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The importance of social connection

The importance of social connection

Your challenge: Reconnect with REAL people… 

It could be as simple as smiling at a passerby, helping an elderly neighbour with their lawns, or going out for coffee with friends where you all agree to put your phones away. Whatever the case, try to make it a daily practice to form a new habit.

As human beings, we are inherently social creatures and social groups provide us with an important part of our identity. Meaningful connection with other people has so many benefits:

  • It boosts your mental health Friendships can increase your feelings of belonging, purpose and overall happiness. They can also reduce levels of stress and improve your sense of self-worth and confidence.
  • It helps you live longer A better quality and quantity of social relationships has been linked to lower disease risk and increased life expectancy.
  • Your quality of life and health may improve It is not just eating well and exercise that helps you feel good and enjoy life, being around others helps too!
  • It decreases your risk of suicide There are a number of factors that put people at higher or lower risk for suicide. One of these factors is connectedness. Relationships can play a crucial role in protecting a person against suicidal thoughts and behaviours.

Overcoming the challenges of the world we live in

Modern living and busy lives have resulted in many people feeling disconnected, lonely and lost. It is easy for our to-do lists to get so long we don’t feel like we have time to catch up people face to face. Plus, even when we are with people,  we may not always be fully present. It can be so easy to be distracted with our phones pinging while we are talking to people or emails coming in while we bath the kids or pay at the grocery check out.

We need our phones in order to be connected – for working, to make plans, for acquiring news, etc – but is our digital reliance resulting in mindless scrolling and procrastinating at work? These motions may be an automatic behaviour we don’t even realise we are doing. In order to keep your mental health and wellbeing in check, it’s important to regulate your digital time, including social media.

Reconnecting

This month’s challenge is to find a way to reconnect with people in your life, ideally in person, and to check in with your use of technology to see if a bit of a ‘detox’ is in order.

Make it happen

We are mindful that when participating in this challenge, you will need to consider the current lockdown rules in your city. Below we give suggestions that cater to those in lockdown, as well as those where regulations are more relaxed.

Connecting socially when you AREN’T in lockdown

  • Reach out to someone you haven’t seen for a while
  • Say hello to as many people as you can. From the woman who serves you coffee to the cashier at the grocery store, and your colleague or co-worker
  • Suggest having lunch with someone in the office you wouldn’t normally get a chance to interact with
  • Make a conscious effort to smile genuinely and look people in the eye
  • Ask how that person is and really listen to the response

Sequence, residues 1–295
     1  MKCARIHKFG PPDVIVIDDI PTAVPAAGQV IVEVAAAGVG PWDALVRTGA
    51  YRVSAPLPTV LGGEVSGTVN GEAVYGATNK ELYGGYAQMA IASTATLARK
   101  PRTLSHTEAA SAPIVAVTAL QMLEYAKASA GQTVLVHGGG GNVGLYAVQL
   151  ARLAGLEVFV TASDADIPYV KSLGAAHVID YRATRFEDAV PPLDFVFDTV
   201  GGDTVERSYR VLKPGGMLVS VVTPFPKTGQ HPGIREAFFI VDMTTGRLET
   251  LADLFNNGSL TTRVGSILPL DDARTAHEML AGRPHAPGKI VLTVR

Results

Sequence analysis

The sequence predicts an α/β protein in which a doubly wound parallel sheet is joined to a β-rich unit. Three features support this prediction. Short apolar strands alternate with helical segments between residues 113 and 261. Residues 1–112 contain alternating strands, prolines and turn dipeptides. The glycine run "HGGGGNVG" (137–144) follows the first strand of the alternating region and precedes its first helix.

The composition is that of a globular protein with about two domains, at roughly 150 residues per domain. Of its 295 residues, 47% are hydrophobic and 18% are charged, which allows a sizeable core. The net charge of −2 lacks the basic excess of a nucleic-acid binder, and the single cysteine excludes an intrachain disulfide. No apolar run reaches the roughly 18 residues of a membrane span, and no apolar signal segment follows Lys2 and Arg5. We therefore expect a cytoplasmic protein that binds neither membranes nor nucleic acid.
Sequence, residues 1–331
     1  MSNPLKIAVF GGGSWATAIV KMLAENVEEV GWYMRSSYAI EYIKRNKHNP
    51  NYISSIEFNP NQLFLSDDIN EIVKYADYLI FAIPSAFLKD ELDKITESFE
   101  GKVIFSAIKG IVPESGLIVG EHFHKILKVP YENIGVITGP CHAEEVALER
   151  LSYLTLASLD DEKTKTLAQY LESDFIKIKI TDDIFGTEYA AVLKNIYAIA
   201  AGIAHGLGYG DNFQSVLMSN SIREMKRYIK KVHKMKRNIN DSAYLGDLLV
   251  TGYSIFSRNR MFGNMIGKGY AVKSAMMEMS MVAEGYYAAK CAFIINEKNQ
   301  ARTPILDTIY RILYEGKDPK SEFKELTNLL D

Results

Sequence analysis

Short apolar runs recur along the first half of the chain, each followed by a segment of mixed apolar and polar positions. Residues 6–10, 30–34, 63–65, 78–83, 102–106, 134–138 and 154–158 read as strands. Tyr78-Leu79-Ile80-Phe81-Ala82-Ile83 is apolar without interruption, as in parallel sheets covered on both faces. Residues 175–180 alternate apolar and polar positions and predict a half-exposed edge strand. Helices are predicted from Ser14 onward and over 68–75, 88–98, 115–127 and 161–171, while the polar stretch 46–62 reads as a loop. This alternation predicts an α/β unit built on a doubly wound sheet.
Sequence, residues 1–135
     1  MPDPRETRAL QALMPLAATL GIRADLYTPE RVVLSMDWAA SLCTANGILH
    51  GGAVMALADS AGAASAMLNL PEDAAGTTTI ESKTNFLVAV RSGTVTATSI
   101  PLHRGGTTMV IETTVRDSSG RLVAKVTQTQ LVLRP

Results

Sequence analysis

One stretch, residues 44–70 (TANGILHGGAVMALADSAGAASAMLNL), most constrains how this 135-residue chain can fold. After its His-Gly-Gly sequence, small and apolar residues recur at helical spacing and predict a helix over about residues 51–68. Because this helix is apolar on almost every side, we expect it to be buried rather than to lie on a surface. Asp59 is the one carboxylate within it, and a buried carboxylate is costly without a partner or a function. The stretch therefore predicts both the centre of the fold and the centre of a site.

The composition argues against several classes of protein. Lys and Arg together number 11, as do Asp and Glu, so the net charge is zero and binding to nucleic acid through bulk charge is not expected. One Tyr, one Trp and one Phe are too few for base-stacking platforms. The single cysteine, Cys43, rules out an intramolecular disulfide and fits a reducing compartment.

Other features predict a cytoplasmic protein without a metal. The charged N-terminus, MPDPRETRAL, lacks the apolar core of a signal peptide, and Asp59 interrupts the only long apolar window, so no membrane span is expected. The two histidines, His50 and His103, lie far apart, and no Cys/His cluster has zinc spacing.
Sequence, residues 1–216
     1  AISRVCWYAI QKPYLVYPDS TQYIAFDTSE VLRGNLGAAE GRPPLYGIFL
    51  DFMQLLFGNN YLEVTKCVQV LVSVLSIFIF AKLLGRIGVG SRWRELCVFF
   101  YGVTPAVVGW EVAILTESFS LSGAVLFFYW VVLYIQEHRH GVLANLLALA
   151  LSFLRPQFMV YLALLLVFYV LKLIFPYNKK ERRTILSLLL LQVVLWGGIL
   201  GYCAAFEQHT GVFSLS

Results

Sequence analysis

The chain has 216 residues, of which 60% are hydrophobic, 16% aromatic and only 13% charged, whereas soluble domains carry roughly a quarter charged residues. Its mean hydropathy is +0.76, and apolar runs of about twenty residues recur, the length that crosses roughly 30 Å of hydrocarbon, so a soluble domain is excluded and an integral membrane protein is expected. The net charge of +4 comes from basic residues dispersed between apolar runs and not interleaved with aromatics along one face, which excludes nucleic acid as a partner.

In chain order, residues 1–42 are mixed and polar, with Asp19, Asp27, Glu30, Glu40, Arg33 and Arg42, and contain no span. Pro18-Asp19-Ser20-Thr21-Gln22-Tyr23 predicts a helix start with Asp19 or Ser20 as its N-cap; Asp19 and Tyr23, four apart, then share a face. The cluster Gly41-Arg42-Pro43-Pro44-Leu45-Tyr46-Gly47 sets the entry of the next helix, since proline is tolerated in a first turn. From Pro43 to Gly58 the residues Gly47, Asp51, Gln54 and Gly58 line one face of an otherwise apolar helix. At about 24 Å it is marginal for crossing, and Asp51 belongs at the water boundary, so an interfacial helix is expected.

• Try an activity at a community centre, take a class, go for a walk in the mall, your neighbourhood or around your office
  • Spend quality, device-free time with your kids or parent/s
  • Have dinner with your family
  • Arrange a walk in nature with a friend who you don’t see often
  • Go out for coffee or see a movie with friends, family or workmates
  • Ask friends or family members to help you organise regular, fun activities
  • Read stories to your children, or ask them to read one to you
  • Consider volunteering. Giving our time to others boosts feelings of productivity and value, and it’s a great way to make new friends with similar interests
  • Visit someone elderly.

Social connection when you ARE in lockdown

  • Reach out to someone you haven’t seen for a while, call them or video chat
  • Say hello to other people taking their walk – make sure you’re wearing maintaining the appropriate distance
  • Suggest having lunch with a friend via video chat
  • Make a conscious effort to smile genuinely and look people in the eye
  • Spend quality, device-free time with the people in your bubble – crack out the board games or let your inner child take the driver’s seat and play some kids games
  • Eat meals with the people in your bubble
  • When you venture outside, try to connect with nature and be mindful of the beauty around you
  • Ask friends or family members to suggest some regular, fun activities
  • Read stories to your children, or ask them to read one to you.

For your digital ‘review’ and detox

It is so easy to browse the web, send messages, take photos and answer emails at the touch of a button. In one way, this technology has allowed us to feel like we are more ‘connected’, but having face-to-face interactions can be more meaningful.

  • Check your settings and see how many times you pick up your phone and day and set a goal to halve it
  • Put limits on the apps on your phone that you feel are time wasters for you
  • Log out of your social media accounts so you have to type your password in every time, making it less tempting to just ‘check in’
  • Put an ‘out of office’ reply on when you sign off for the afternoon or evening, so you have that boundary in place.

Read here to learn additional ways to digitally detox

First published: Sep 2020

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